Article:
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Abbott Escapes Ill. Suit Over Defibrillator Battery Life

An Illinois federal judge on Monday tossed a proposed class action against Abbott Laboratories over its alleged failure to properly alert the U.S. Food and Drug Administration to battery problems in some implantable defibrillators, saying the class hadn't shown why its suit should proceed in Illinois.

U.S. District Judge Sharon Johnson Coleman granted a motion to dismiss filed by Abbott and St. Jude Medical LLC, which manufactured the devices and later merged with the Illinois-based health care company. She agreed that the court had no general or specific jurisdiction over the suit, largely because the target for most of the class' claims, St. Jude, is headquartered in Minnesota and incorporated in Delaware.
Citing Delaware law, Judge Coleman said there was not enough to support the argument from lead plaintiff Alaska State Employees Association/American Federation of State, County and Municipal Employees Local 52 Health Benefits Trust — a third-party health care payor — that St. Jude has acted as Abbott's alter ego since their merger in 2017.
ASEA/AFSCME argued that Abbott claimed responsibility for the ultimate recall of the devices in question and has issued updates about them.
"Absent more, however, the allegations do not suggest that unfairness or injustice has resulted from the relationship between St. Jude and Abbott, as would be necessary to justify piercing the corporate veil under Delaware law," Judge Coleman wrote.
The proposed class of third-party payors sued Abbott and St. Jude in September, claiming they were forced to cover the cost of the defective defibrillators and the cost of removing and replacing them.
The products at issue, implantable cardioverter defibrillators and cardiac resynchronization therapy defibrillators, ran on lithium batteries, according to the suit. In 2011, the maker of the batteries alerted St. Jude that the batteries could suddenly fail, ASEA/AFSCME claimed.
But St. Jude did not rush to report the issues to the FDA, the suit said. The company did more than 40 product analysis reports between 2011 and 2014, which repeatedly showed that the batteries were not properly functioning. One person died as a result of the problem, the suit claimed.
Still, St. Jude didn't tell its own management review and medical advisory boards about the problems and didn't alert the FDA. In 2015, the company began discussing a possible merger with Abbott, according to the suit, which pushed St. Jude to investigate the problem, the suit claims.
In August 2016, St. Jude decided the products should be recalled. In October 2016, the FDA issued the recall of more than 250,000 St. Jude products made before May 2015, the proposed class said. Following the recall, St. Jude offered to reimburse patients for their out-of-pocket costs for removal and replacement but would not pay third-party payors anything, the suit claims.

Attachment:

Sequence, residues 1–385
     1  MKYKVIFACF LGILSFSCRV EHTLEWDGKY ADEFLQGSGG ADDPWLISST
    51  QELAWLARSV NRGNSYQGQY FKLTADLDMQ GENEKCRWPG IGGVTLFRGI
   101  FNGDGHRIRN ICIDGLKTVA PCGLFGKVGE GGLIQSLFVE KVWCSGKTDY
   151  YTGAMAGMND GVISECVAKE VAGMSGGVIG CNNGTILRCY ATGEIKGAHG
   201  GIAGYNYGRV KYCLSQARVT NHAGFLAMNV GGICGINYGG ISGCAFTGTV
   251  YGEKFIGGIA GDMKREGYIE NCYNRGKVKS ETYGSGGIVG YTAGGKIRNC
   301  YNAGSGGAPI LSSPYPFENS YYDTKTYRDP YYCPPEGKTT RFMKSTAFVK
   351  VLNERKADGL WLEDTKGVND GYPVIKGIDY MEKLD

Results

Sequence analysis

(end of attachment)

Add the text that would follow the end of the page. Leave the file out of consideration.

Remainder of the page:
Abbott and St. Jude moved to dismiss the suit, arguing that it improperly sought to hold the companies liable for violations of FDA regulations and that the alleged conduct took place long before Abbott got involved.
"In an effort to skirt around this issue, plaintiff claims that Abbott is liable for St. Jude's conduct under an unprecedented, pre-merger alter ego theory," the companies said in their motion.
Judge Coleman solely addressed the jurisdiction issue, saying in part that in order for Abbott to be held responsible for St. Jude's actions there would have to be a showing that Abbott used St. Jude to defraud investors.
The proposed class says Abbott totally took over St. Jude, running the facility where the devices were made and telling the public that St. Jude is now Abbott. But to claim that Abbott is St. Jude's alter ego in order to establish general jurisdiction, the proposed class needed to claim that Abbott misled investors about St. Jude's capitalization or solvency, Judge Coleman said.
And with specific jurisdiction, there are no claims that ASEA/AFSCME paid for a device in Illinois or that one of its beneficiaries had one implanted in the state, the judge said.
She dismissed the suit without prejudice.
Adam J. Levitt of Dicello Levitt & Casey LLC, counsel for the class, told Law360 that Judge Coleman clearly indicated that the case belongs in Minnesota. "We are evaluating our options and will proceed accordingly," he said.
A representative for Abbott did not immediately respond to request for comment on Tuesday.
Abbott is represented by Andrew Kassof, Barry Fields, James Hileman and Whitney Becker of Kirkland & Ellis LLP.
The proposed class is represented by Adam Levitt and Amy Keller of Dicello Levitt & Casey LLC, and Kim Stephens, Jason Dennett and Cecily Shiel of Tousley Brain Stephens PLLC.
The case is ASEA/AFSCME Local 52 Health Benefits Trust et al. v. Abbott Laboratories et al., case number 1:17-cv-06704, in the U.S. District Court for the Northern District of Illinois.